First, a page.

Senior facility rent hike attributed to $15 min. wage

TACOMA - It's the talk of the Narrows Glen senior living facility. A $300 a month rent hike has the normally mild mannered Joy Kooley rather ornery.

"Well it's just so stupid," she said Monday.

In August, residents received a letter notifying them of the increase. In it, the executive director said the hike was due to "several municipalities in the area moving toward a $15 minimum wage increase."

Family members of the residents argue Tacoma is not one of those municipalities, so Narrows Glen wouldn't have to pay its workers more money.

"They're stealing from us," said Kooley, who is 91.

KING 5 tried to talk to management at Narrows Glen about the letter, but they refused.

According to the Washington Health Care Association there are several factors driving up assisted living rents across the region. One is the fact that facilities are having to pay for their employees health insurance due to the Affordable Care Act. Also, the cost of keeping certified nursing aides is increasing because nursing homes and hospitals pay more than assisted living facilities. What may be the actual cause in this case, however, is a concern that current Narrows Glen workers might leave for jobs in SeaTac and Seattle, which have approved a $15 minimum wage. In order to keep quality employees, Narrows Glen would need to pay them more.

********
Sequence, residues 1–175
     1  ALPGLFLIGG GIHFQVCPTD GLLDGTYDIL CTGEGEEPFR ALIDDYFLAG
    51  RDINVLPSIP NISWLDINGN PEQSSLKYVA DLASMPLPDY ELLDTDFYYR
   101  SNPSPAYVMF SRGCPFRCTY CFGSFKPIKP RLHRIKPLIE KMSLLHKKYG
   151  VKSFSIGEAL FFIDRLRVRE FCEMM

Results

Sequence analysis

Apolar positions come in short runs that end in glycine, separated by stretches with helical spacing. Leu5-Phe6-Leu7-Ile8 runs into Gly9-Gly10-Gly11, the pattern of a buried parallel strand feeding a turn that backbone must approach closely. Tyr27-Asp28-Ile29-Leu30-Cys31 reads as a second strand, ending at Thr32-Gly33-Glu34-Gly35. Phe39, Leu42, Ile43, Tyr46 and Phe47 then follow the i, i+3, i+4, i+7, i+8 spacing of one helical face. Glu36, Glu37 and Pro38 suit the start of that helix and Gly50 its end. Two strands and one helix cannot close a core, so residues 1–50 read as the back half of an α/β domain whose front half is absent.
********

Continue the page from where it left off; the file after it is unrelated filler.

If any of those are the case, family members simply wish management would be clear about it.

"If they need a cost increase, fine," said Rolf Grunden, Kooley's son-in-law. "Tell them that. But don't lie to them."

In the meantime, residents like Kooley and her friend 96 year old Wally Stevens worry they might not be able to stay at Narrows Glen much longer because at $3600 a year more, their money will run out much more quickly. If that happens they could be forced into a group home funded by Medicaid.

"I've paid this place $360,000 since I've been here," said Stevens. "They're going to price this place right out of business."

"I don't know how people are going to live here in the coming years," added Joy.


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